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Incredible new £31m bunker under major UK city could unlock key energy source



Incredible new £31m bunker under major UK city could unlock key energy source

An incredible £31m underground hub that hopes to unlock geothermal energy has opened beneath a major UK city. 

The multi-million pound geological research facility at Thornton Science Park, Chester, will enable scientists to monitor what lies beneath the city’s surface. Its aim is to develop low-carbon energy technology by utilising geothermal sources.

It features an array of boreholes reaching depths of up to 100m. Above ground there’s infrastructure and equipment to create the geological research facility.

The development will be operational for 15 years – combining both on-site research for periods of time along with remote monitoring. A similar project is already in operation in Glasgow, Scotland.

A spokesperson for British Geological Survey explained more about the launch.

They said: “We are delighted to announce that construction has been completed on the Cheshire Observatory, the final part of the UK Geoenergy Observatories network. The facility is now open for research activities.

“The Observatory, located in the University of Chester’s Thornton Science Park, provides scientists with at-scale test facilities that can be used to optimise and de-risk subsurface energy storage systems and geothermal heat in an aquifer setting.

“Research at the Observatories will help unlock the potential of geothermal energy to decarbonise the heating and cooling of homes and businesses, which together account for over a quarter of UK CO2 emissions.”

They added: “The Observatory is part of the UK Geoenergy Observatories network, a £31 million investment from the UK Government to deliver essential new data from the subsurface to build knowledge on clean energy. The network also includes an observatory in Glasgow, a data portal and a core scanning facility.”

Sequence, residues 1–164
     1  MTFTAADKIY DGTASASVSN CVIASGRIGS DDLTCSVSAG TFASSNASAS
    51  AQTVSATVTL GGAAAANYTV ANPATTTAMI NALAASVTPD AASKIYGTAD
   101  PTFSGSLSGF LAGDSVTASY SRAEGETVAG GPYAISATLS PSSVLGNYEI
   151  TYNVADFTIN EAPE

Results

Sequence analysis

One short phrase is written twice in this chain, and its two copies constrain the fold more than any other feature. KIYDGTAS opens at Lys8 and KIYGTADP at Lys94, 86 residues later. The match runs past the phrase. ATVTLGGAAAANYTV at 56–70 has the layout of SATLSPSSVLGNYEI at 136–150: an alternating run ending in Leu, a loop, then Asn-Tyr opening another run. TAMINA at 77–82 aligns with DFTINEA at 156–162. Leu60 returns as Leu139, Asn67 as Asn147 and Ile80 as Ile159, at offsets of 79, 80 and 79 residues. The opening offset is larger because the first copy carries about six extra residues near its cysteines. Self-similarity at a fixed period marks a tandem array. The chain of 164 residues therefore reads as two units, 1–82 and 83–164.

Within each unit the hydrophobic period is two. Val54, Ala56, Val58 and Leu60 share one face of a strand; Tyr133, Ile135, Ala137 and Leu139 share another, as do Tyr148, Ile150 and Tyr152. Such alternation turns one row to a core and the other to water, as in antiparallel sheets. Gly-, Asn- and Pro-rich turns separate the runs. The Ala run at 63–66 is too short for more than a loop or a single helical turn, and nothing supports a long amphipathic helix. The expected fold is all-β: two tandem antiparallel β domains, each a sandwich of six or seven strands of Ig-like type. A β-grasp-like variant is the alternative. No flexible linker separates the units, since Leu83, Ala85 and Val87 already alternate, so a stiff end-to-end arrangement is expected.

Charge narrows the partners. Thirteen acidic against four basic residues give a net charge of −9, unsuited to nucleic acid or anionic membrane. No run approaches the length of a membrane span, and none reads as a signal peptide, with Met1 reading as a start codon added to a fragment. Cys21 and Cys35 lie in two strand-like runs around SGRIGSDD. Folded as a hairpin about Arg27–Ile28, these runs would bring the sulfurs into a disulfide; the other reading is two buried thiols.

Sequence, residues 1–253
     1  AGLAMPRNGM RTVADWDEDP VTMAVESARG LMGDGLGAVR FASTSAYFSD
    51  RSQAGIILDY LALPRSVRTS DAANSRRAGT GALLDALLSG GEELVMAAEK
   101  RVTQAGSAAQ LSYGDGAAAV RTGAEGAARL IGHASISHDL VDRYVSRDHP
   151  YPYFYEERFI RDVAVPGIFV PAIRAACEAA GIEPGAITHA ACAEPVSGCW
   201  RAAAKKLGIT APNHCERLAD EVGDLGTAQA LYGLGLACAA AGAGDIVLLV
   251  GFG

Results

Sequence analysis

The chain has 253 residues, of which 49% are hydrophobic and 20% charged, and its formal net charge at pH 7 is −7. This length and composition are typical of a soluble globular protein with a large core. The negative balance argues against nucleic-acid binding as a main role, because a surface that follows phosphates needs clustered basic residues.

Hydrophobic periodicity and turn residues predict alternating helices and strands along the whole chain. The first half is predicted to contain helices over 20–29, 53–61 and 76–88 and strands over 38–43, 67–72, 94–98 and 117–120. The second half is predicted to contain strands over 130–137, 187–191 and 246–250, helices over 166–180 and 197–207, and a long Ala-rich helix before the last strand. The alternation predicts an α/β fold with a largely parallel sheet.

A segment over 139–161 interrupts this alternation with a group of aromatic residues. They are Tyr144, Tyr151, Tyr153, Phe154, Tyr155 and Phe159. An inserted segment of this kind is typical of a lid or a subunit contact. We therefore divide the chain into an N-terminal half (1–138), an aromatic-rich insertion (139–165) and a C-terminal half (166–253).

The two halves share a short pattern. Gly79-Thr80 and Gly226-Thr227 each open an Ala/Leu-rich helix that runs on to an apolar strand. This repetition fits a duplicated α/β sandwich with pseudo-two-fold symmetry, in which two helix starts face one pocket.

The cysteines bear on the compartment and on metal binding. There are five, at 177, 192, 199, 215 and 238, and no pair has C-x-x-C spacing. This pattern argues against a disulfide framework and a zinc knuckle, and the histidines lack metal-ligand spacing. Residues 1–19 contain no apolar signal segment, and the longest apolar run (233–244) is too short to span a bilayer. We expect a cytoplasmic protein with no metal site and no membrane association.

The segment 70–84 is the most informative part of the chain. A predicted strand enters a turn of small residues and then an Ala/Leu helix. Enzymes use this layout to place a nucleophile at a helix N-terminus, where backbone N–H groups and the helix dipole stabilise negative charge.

Science director at the British Geological Survey for the UK Geoenergy Observatories, Dr Mike Spence, said: “The Cheshire Observatory will provide unique insight into the response of the subsurface to energy transfer and storage with real-time, 3D-imaging of subsurface processes.

“The Cheshire Observatory infrastructure will support control of groundwater flow, heating and cooling of the subsurface and high-resolution monitoring using advanced sensors and multilevel sampling installations.

“The Glasgow Observatory, which is equipped to investigate thermal storage in former mine workings, is already delivering these benefits for researchers and partners across the UK.

“The Cheshire Observatory will provide researchers with the at-scale test facilities that can be used to optimise the design and operation of subsurface energy storage systems. These systems are an important and growing component of the UK’s heating and cooling demand.”

The Cheshire Observatory is available to the whole of the UK science community for research, innovation and training activities. 

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